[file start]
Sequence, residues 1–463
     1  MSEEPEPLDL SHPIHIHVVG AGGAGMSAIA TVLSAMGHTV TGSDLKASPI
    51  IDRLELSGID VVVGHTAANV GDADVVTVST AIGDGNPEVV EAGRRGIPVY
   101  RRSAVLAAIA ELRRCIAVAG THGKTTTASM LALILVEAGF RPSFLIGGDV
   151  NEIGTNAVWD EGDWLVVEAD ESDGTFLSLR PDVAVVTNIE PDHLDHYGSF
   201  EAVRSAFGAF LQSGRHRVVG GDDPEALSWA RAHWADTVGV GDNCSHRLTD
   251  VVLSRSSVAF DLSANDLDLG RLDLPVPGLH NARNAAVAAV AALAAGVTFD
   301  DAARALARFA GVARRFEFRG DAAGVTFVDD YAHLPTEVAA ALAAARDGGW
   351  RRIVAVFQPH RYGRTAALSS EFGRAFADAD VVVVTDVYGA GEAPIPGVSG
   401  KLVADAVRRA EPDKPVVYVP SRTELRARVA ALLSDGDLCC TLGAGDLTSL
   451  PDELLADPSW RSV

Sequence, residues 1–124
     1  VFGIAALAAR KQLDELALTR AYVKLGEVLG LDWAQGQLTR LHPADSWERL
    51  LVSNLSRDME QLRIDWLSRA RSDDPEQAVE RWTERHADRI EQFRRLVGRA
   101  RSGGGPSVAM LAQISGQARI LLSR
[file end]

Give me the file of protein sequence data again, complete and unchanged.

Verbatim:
Sequence, residues 1–463
     1  MSEEPEPLDL SHPIHIHVVG AGGAGMSAIA TVLSAMGHTV TGSDLKASPI
    51  IDRLELSGID VVVGHTAANV GDADVVTVST AIGDGNPEVV EAGRRGIPVY
   101  RRSAVLAAIA ELRRCIAVAG THGKTTTASM LALILVEAGF RPSFLIGGDV
   151  NEIGTNAVWD EGDWLVVEAD ESDGTFLSLR PDVAVVTNIE PDHLDHYGSF
   201  EAVRSAFGAF LQSGRHRVVG GDDPEALSWA RAHWADTVGV GDNCSHRLTD
   251  VVLSRSSVAF DLSANDLDLG RLDLPVPGLH NARNAAVAAV AALAAGVTFD
   301  DAARALARFA GVARRFEFRG DAAGVTFVDD YAHLPTEVAA ALAAARDGGW
   351  RRIVAVFQPH RYGRTAALSS EFGRAFADAD VVVVTDVYGA GEAPIPGVSG
   401  KLVADAVRRA EPDKPVVYVP SRTELRARVA ALLSDGDLCC TLGAGDLTSL
   451  PDELLADPSW RSV

Sequence, residues 1–124
     1  VFGIAALAAR KQLDELALTR AYVKLGEVLG LDWAQGQLTR LHPADSWERL
    51  LVSNLSRDME QLRIDWLSRA RSDDPEQAVE RWTERHADRI EQFRRLVGRA
   101  RSGGGPSVAM LAQISGQARI LLSR